(b) is subject to ongoing verification activities by the business or person; and
(c) if required by the authority, is also subject to ongoing verification activities by the relevant authority; and
(d) sets out how the obligations imposed by this chapter of the Code are to be, or are being, complied with.

A FSMS is a documented system which follows similar methodology to a Food Safety Program. In accordance with the Code, the FSMS must be approved or recognised by the relevant authority, being the local government enforcement agency.

Recognition of a Food Safety Management Statement

To ensure a consistent approach to the management of documented food safety systems in WA, enforcement agencies will have the responsibility for recognising the FSMS for food businesses in their respective localities. The same quality assurance principles used for verifying a food safety program can be applied to the recognition process of a FSMS. This includes systematic examination of production activities, identifying potential hazards and implementing control measures.

The food business is responsible for the development of a FSMS which considers the full scope of operations, and providing the FSMS to the enforcement agency for recognition

The enforcement agency should be satisfied the FSMS provided will enable the food business to demonstrate ongoing compliance with the relevant standard/s. During the recognition process, it is important to note the extent and range of hazards identified and the associated control measures used can vary across food businesses, even if the same products are being produced.

Verifying compliance

Compliance is verified by the enforcement agency and the food business. This can be achieved by assessing the FSMS and the food premises against the Code and the Food Act.

The frequency of such assessments will be determined by the risk classification assigned by the enforcement agency to the food business. 

An implementation package developed by the Implementation Sub-committee for Food Regulation includes documents designed to promote the consistent application of the standard/s. Despite the implementation package not specifically including seeds sprouts, the same compliance principles can be applied.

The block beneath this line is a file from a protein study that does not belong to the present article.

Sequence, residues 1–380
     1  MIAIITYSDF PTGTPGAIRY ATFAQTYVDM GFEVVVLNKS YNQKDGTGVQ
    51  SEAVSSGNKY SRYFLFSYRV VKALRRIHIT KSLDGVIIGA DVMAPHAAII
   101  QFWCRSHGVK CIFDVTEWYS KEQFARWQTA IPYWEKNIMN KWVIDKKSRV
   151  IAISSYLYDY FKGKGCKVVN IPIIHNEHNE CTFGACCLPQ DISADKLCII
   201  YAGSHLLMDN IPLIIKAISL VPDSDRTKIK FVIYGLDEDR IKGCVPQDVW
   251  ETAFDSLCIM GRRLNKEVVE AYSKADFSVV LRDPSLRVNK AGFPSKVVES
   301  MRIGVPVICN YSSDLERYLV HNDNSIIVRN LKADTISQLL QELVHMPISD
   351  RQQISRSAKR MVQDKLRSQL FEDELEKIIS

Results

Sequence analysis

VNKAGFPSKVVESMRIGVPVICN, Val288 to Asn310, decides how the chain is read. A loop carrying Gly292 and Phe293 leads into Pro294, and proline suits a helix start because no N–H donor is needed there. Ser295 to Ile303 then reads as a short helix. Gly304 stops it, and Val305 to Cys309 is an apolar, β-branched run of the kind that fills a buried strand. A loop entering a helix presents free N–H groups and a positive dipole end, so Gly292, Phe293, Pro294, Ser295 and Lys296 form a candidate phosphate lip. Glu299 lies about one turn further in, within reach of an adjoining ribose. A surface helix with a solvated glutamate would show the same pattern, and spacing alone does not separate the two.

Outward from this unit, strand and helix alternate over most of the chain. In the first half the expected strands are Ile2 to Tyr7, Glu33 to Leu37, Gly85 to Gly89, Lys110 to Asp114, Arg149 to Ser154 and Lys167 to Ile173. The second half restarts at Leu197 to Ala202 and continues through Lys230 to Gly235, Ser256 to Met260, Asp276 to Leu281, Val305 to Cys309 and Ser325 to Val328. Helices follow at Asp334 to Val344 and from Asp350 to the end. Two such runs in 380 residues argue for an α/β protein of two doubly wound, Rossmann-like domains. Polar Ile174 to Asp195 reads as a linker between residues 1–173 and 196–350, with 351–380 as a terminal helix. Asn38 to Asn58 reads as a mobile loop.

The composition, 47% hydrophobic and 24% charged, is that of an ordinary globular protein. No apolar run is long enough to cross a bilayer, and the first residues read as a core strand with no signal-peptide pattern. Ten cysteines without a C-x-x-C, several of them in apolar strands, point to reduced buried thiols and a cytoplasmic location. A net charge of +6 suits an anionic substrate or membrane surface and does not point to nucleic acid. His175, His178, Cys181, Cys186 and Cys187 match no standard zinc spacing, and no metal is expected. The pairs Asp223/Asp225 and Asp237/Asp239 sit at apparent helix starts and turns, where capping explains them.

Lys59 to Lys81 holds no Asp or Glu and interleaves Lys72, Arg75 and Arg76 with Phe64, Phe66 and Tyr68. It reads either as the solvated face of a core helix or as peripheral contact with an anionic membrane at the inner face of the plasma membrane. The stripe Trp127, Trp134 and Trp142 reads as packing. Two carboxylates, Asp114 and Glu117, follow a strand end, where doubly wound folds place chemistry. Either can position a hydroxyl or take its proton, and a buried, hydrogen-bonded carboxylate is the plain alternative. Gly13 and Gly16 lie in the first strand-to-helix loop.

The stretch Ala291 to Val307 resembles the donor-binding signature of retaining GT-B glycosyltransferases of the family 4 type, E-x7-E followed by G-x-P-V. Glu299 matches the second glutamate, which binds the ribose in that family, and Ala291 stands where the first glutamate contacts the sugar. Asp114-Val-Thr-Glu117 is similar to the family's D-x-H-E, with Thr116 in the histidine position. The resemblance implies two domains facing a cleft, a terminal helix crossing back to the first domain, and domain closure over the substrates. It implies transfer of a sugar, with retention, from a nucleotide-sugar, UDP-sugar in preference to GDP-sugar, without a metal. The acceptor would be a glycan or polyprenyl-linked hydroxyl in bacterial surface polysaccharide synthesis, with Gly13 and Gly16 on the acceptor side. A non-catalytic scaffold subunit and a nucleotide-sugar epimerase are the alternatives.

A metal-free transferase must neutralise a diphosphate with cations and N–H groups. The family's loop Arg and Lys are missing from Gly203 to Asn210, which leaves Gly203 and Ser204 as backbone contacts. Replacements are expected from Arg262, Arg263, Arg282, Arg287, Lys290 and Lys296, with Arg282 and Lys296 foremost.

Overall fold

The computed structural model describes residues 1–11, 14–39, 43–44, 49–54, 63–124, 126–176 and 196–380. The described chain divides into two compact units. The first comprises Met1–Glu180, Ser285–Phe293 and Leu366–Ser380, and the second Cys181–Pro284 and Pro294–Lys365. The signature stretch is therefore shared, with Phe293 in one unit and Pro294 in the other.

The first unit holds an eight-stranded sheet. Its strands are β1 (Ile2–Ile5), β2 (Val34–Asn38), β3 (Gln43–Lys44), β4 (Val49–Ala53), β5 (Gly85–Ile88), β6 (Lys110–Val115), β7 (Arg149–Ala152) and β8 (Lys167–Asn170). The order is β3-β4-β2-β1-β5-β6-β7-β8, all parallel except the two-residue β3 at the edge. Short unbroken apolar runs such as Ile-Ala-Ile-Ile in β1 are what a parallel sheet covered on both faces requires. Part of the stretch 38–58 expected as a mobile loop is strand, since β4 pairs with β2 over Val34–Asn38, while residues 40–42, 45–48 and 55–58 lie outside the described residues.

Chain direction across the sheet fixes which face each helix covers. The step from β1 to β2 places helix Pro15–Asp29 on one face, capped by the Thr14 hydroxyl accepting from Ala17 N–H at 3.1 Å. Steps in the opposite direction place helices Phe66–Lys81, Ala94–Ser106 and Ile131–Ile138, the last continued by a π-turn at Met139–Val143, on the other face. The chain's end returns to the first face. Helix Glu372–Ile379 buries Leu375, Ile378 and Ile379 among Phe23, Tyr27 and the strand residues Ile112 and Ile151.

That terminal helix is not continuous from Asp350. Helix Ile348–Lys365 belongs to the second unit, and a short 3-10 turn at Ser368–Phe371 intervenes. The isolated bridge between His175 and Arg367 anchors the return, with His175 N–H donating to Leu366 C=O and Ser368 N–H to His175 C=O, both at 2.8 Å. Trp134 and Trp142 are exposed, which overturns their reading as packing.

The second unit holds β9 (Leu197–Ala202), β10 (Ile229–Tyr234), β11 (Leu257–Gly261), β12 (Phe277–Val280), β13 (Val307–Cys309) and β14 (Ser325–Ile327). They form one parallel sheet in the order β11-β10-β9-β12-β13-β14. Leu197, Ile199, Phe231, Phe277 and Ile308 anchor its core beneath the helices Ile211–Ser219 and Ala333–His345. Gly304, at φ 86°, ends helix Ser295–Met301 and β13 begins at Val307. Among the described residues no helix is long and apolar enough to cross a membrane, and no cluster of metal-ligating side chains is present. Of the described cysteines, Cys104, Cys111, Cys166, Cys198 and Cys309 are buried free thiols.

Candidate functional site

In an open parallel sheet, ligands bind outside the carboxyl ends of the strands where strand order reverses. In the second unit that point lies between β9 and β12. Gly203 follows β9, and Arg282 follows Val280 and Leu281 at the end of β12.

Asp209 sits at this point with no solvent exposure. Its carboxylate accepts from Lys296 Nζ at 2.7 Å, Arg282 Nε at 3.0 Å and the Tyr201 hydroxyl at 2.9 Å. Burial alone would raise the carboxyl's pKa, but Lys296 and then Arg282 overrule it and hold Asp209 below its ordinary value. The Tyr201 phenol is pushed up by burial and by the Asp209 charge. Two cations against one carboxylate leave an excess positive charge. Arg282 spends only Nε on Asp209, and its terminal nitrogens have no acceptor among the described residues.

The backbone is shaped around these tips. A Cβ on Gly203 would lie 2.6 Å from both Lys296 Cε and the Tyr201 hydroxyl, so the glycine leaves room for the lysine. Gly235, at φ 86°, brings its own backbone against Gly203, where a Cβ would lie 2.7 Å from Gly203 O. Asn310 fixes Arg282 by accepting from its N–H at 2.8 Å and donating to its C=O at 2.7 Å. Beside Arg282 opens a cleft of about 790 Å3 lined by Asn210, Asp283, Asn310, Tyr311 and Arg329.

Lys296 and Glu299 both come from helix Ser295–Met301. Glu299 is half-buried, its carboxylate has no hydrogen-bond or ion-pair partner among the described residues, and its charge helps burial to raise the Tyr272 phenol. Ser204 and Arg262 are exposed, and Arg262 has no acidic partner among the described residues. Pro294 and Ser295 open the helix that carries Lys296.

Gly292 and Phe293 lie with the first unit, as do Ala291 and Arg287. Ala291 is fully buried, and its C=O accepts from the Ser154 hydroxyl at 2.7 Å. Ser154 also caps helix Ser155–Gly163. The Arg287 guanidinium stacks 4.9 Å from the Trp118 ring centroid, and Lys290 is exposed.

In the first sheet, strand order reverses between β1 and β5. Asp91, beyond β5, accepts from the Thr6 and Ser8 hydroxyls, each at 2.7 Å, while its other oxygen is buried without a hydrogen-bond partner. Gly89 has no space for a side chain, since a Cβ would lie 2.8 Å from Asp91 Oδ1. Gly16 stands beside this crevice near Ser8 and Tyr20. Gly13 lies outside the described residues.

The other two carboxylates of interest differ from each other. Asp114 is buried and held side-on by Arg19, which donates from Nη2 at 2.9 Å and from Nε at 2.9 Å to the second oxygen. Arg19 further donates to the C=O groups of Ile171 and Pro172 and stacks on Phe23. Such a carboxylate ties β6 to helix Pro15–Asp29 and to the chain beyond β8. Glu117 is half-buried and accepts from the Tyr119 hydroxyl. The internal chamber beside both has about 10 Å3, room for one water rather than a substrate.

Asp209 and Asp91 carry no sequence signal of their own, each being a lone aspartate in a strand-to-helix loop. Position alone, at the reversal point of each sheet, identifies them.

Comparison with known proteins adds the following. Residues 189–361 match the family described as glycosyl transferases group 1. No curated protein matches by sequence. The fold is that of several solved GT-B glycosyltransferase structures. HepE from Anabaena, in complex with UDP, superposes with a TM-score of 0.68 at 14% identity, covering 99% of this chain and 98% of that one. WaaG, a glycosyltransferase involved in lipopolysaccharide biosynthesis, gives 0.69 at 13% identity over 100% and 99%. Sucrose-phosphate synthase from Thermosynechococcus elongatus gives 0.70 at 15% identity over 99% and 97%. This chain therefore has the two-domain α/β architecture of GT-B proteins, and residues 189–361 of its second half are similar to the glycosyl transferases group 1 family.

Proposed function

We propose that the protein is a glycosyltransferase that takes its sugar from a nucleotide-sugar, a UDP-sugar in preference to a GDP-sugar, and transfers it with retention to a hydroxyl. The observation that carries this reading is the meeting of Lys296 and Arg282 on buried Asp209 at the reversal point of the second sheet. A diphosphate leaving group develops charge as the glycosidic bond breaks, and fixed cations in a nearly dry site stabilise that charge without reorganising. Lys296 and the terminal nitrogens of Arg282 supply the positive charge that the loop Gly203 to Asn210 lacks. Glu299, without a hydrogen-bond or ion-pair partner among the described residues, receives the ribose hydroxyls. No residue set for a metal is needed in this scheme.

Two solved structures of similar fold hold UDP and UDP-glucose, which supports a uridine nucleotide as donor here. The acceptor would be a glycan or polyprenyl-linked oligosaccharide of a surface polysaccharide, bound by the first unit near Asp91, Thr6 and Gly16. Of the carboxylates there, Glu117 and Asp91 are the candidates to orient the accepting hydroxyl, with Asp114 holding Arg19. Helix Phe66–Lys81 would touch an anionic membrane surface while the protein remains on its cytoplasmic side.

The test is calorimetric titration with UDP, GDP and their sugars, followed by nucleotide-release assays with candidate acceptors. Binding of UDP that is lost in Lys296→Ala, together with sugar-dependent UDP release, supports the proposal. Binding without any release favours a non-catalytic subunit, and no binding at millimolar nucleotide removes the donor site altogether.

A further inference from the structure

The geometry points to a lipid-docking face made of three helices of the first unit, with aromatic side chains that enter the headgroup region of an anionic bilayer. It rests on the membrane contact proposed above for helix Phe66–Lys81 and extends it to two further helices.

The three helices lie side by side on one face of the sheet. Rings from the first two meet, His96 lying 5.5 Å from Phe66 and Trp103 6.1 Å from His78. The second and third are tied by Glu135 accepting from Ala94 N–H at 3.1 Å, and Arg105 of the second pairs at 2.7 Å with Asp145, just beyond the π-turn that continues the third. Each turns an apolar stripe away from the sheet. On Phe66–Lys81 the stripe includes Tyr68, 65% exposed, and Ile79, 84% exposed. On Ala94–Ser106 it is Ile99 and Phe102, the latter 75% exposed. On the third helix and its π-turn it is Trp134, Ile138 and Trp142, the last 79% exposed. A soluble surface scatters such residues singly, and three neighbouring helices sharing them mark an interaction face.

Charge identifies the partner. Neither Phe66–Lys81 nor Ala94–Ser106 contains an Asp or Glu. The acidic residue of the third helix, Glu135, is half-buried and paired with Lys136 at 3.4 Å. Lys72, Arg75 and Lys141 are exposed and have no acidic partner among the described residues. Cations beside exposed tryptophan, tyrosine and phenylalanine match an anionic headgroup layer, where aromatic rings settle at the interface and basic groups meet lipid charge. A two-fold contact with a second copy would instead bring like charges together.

Frequently asked questions

Are there any exemptions available under Standard 4.2.5?

No, there are currently no exemptions. Standard 4.2.5 must be complied with by all egg and egg product primary producers and processors.

If there is a farm which produces / processes poultry and eggs for human consumption, which legislation would they be captured by?

As the farm is producing / processing both poultry and eggs for human consumption, they will need to comply with both Standard 4.2.2 and Standard 4.2.5 of the Food Standards Code.

Does Standard 4.2.2 apply to free range hens?

Standard 4.2.2 does not distinguish between free range and non-free range poultry/egg products.

Are snow pea sprout producers captured under Standard 4.2.6?

No. Seed sprouts are defined as sprouted seeds or sprouted beans for human consumption that include all or part of the seed. Examples include alfalfa, mung bean, broccoli, radish, onion or any other type of sprout that includes the seed or part of the seed in the final product. Seed sprouts do not include microgreens or snow peas.

What if the primary producer and/or processor intends to export their products overseas?

The Department of Agriculture and Water Resources provides export controls and assistance regarding exporting goods from Australia. More information can be found at Department of Agriculture and Water Resources (external site).

Are there FSMS templates available?

Yes, there are templates available for each of the products. The use of these templates is not mandatory. The templates can be used as a guide and should be modified to each food business to ensure they are site specific.

The development of a FSMS should also involve consultation with the relevant enforcement agency to ensure any specific requirements are considered.

The following are examples of templates for:

Last reviewed: 01-09-2022
Produced by

Environmental Health Directorate